If Espana 82 provided the greatest moments of Billy Hamilton's career, he recalls Mexico 86 as the tournament in which the Northern Ireland players became bored off the pitch and were taught harsh lessons on it.
Hamilton was only just passed fit to be part of the squad having previously suffered a serious knee injury, which would eventually lead to his premature retirement.
"The 1986 World Cup was different to 1982 for me because I was plagued by injury. I had been playing the best football of my career with Oxford United, but then suffered a cruel blow sustaining a knee injury," said Hamilton.
"Billy Bingham told me if I got through training in Albuquerque he would take me to Mexico. It was hard but the knee stood up to the test. I was 90 per cent fit going into that World Cup.
"Billy brought in a stricter regime for Mexico. He'd taken advice from medical experts about the difficulties of playing at altitude and there was a ban on going out – although on some occasions some of us did manage to sneak away.
"There had been a family bereavement in the squad and the atmosphere wasn't the same. It was not as hopeful or lively as four years earlier.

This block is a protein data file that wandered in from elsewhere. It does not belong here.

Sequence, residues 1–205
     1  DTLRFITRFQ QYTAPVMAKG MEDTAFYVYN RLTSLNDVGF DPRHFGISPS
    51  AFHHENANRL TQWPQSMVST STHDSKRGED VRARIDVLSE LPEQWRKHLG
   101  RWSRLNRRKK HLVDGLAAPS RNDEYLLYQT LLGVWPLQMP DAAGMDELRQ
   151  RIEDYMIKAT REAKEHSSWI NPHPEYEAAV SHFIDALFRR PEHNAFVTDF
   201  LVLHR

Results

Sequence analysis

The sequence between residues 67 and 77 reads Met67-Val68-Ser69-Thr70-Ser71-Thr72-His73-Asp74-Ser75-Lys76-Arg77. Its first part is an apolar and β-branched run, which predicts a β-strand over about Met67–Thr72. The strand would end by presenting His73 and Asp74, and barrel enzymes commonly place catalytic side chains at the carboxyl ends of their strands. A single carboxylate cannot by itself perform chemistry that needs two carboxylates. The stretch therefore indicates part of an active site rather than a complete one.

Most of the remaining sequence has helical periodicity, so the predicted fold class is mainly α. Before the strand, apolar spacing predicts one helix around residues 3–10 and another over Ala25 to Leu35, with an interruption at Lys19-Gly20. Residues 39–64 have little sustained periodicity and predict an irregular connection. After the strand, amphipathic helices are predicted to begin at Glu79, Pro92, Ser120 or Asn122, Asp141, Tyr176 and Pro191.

"People will say how do you get bored in a four or five star hotel, but believe me you can. I think we became bored and stale out there and it told in our play. Maybe that is an excuse, but we didn't perform the way he could have done.
"The heat and humidity, of course, didn't help us. We were fit guys, but we weren't conditioned to playing in those temperatures – and that was despite all our training beforehand.
"There may have been air conditioning in our hotel, but there wasn't any out on the pitch. The Northern Ireland game was all about hustling the opposition and in Mexico we couldn't do that.
"I started the draw against Algeria and didn't do too well and came off the bench for the Spain and Brazil defeats.
"The Brazil game was a stark lesson for us. We lost 3-0 and hardly got a kick. Had it not been for Pat Jennings it would have been really embarrassing for us."
Hamilton, who scored five goals for Northern Ireland, didn't know it at the time, but his 41st international appearance against Brazil turned out to be his last with the troublesome knee giving out a couple of months later.
At 28, devastated, he retired from professional football and felt for Ulster rugby star Stephen Ferris this week having to quit his sport at the same age due to injury.
Hamilton would go on to play in the League of Ireland and Irish League, manage Limerick City, Distillery and Glenavon and act as chairman of an Irish FA Task Force, formed to shape the future of local football.
Nothing though would come close to his World Cup experiences.
He says: "In 1982 I was with Burnley who weren't even in the top division in England and I wondered if I really should have been there, but it was a great incentive to prove yourself against the best players in the world and also to learn a lot about yourself.
"When I look back now I realise what a great achievement it was for a country like ours to qualify for two World Cups in a row. To be part of both was magical."